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    #31
    James0b57 -

    Have you seen/considered this? In the stills arena, many Dell monitors surprise and punch well above their cost - the claim is this is "true" HDR10. Curious your take?

    https://www.bhphotovideo.com/c/produ..._27_4k.html/qa

    Thanks!! B

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      #32
      Originally posted by say_doyster View Post
      James0b57 -

      Have you seen/considered this? In the stills arena, many Dell monitors surprise and punch well above their cost - the claim is this is "true" HDR10. Curious your take?

      https://www.bhphotovideo.com/c/produ..._27_4k.html/qa

      Thanks!! B
      In general, I started this thread to share real first hand experience, since buying a monitor on line is buying blind. Dell's tend to be good, but they have occasionally had QC issues. So, I don't really want to start speculating about monitors in general.

      My assumption with anything that steeply discounted on BH, it has some issue. Might just have been a poorly marketed product that they made too many of, but can also end up being a model that has a higher percentage of lemons. So, just be aware of the possibility to need to return and swap out a new one.

      Eizo just released some 27" 4K and QHD models in the CS line. Those would be the "safer" bet.

      The DELL you linked has a lot of good reviews, but also a couple interesting bad reviews. Someone mentioned they had bought 120 of them for a business and that 10% had failed. Eizo has a 5 year warranty. your choice.


      The other thing I didn't want to get into with this thread is "bang for buck". I think this mentality is a big issue. The idea should be to get the best tool, not the cheapest tool with the best specs. If something is poorly made, who cares what the specs and price are? I was simply looking for what the lowest cost quality monitor there was. Some people online pointed to the BenQ's and that was not the case. BenQ's are quintessential bang-for-buck mentality. Something like an Eizo CS24020 or an FSI AM210 are the cheapest best monitors you can get, they aren't bang for buck, as they have reduced specs or features to reflect their lower cost, but they are good in the important ways.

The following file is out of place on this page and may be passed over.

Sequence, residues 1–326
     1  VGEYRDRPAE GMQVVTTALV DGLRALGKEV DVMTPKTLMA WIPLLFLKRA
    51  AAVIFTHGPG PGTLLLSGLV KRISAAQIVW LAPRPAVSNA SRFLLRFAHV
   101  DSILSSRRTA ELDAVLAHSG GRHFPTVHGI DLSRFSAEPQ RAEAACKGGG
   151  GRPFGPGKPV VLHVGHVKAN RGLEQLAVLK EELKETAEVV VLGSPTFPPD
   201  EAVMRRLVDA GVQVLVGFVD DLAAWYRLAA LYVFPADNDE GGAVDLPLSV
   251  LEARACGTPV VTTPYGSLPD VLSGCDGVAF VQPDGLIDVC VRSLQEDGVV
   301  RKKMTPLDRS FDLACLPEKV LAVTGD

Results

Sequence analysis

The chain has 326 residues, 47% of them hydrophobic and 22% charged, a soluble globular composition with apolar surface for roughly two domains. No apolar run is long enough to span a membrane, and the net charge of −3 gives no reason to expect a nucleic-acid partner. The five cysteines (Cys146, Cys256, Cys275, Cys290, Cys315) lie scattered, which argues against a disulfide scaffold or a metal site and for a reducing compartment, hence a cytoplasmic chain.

All of these monitors can be calibrated and give you some sort of confidence. So, if price is the main concern, there really are so many options. Just pick one, I believe. Had my return at BH gone quicker, I'd be enjoying a CS2420 right now. But instead I ran into an issue of pooring a lot of money into my shooting kit to make it more Covid work environment friendly. So, I didn't really intend for this thread to be an infinite debate of choices. Really, any monitor is better than no monitor (within reason).


      If $1200 is your budget, maybe consider an LG 48" OLED like Dermot mentioned. Or maybe the 27" QHD from Eizo, the CS2731?


      But again, I don't think the choices are all that difficult anymore. I have had way too much time to read and research this, and the only thing left is to try them in person.

      With the way monitor tech is transitioning to HDR, you could be forgiven for choosing a monitor that has a few bad reviews, because you may be upgrading in two years from now anyway.
      Last edited by James0b57; 07-01-2020, 03:24 PM.

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        #33
        i'm digging into rumors that if the contrast is set at 80 or below then ABL does not kick in when targeting 100 nit / SDR with the LG CX OLED